I’ve lived in Arizona for 20 years and within the last two years Wynston and I have been stung by scorpions…twice each. Up until then I had never been stung. A little sucker got me in bed twice on the same night. The first time Wynston got stung we were on a walk and the second time it was by a scorpion in the house. It probably sounds scarier than it really is. Here’s what to do if your dog gets stung by a scorpion.
What To Do If Your Dog Gets Stung By A Scorpion
Both times Wynston was stung by a scorpion he let out a loud yelp, scream and starting crying. He wouldn’t put his paw on the floor and the crying kept up until I got his pain under control. The very first time he was stung I initially had no idea what happened so I took him to the emergency vet immediately. We had been walking outside around 10pm at night, so it was dark. The scorpion struck him, then I swooped him up and ran home with him in my arms. Talk about scary.
At that vet visit I learned that there’s not much you can do for typical scorpion stings. A majority of stings are harmless, although they do cause initial pain and tingling which can last for a varied period of time. When a scorpion stung me in the arm, I felt numbness, pain and tingling for two hours. And I’m 140lbs. Imagine a little 8lb dog getting stung…it’s painful. So our best plan of attack was pain management.
I keep tramadol for Wynston due to his IVDD. So when he got stung by a scorpion the second time around in our home, I immediately administered his prescribed medication. I did the best thing because by the next morning, he was 100% back to normal!
Other scorpion sting symptoms to look for in your dog are:
- Watery eyes
- Difficulty breathing
- Crying, yelping, whining
Immediate Actions You Can Take If Your Dog Gets Stung By A Scorpion
- If you know the affected area, apply a gentle, cold compress for 10 minutes. Then allow the area to breathe and use the compress for another 10 minutes.
- If your dog gets stung on the paw, leg or tail, keep the area elevated to heart level. This will help keep any venom from spreading into the blood stream. Both times I was able to hold and comfort Wynston in a position to make this possible.
- The stinger may be wedged into your dog’s skin or fur. If you locate it, carefully remove it with tweezers.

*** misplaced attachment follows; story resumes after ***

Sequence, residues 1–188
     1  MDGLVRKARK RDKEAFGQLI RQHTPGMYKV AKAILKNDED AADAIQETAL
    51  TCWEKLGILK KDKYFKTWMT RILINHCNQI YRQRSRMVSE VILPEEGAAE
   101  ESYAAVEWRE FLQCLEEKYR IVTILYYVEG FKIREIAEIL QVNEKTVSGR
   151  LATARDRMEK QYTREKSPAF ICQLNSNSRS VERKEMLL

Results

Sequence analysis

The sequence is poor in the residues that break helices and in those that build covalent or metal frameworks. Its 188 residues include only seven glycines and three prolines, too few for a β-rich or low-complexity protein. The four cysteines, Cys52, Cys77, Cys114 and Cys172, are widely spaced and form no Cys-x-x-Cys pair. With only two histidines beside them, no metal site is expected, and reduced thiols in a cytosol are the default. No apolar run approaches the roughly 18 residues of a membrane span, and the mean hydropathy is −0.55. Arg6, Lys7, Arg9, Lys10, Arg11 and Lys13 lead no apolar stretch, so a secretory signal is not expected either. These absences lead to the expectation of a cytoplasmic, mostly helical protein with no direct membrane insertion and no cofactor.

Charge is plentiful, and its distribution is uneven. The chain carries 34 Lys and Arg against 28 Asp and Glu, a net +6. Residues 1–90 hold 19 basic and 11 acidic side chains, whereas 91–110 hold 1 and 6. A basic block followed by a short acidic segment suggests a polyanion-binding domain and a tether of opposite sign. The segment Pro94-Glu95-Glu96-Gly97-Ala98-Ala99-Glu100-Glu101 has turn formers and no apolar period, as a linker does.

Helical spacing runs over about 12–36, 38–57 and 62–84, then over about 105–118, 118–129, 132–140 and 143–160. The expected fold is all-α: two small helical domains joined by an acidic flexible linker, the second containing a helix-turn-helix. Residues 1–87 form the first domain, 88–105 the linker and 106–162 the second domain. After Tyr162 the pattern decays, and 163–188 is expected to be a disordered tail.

- If you see the scorpion, I’d personally kill it, then bring it to the vet so the doctor can determine the severity of the sting.
- If you have pain medication for your dog, administer it.
- Take your dog to receive veterinary attention. Emergency vets are open 24/7.
How to Prevent a Scorpion Sting
- Bring a UV black light flashlight on hikes or walks or while camping. Scorpions will brightly glow in a black or UV light, so you can easily avoid them.
- Keep your dog from digging. You wouldn’t want them to disturb a scorpion’s area, causing them to scatter.
- Be aware after rain. Scorpions will seek solace in a house during or after a storm. They can easily travel in water.
- Keep your drains closed to avoid them coming up through sinks or bathtubs. I have even seen one chillin’ in my toilet…
- Shake out your shoes! If you leave your shoes on the ground, shake them out before putting them on. Scorpions will hide in shoes.
- Make sure your house is sealed. Scorpions can easily make their way through cracks in doors and infiltrate your home.
Most of the time scorpion stings hurt badly but they will not cause death to your dog. In my dog mom opinion it’s most important that you get your dog’s pain under control, as I personally know how horrific scorpion stings feel. However, I am NOT a veterinarian and I always suggest seeking attention of a professional in any situation where your dog’s health may be at risk.
Has your dog ever been stung by a scorpion or any other type of nasty bug? What did you do?
*Affiliate links are present in this post. Thanks for your support! Please remember that Amanda is not a veterinarian. Please seek professional assistance when it comes to questions or concerns about your pet’s health.*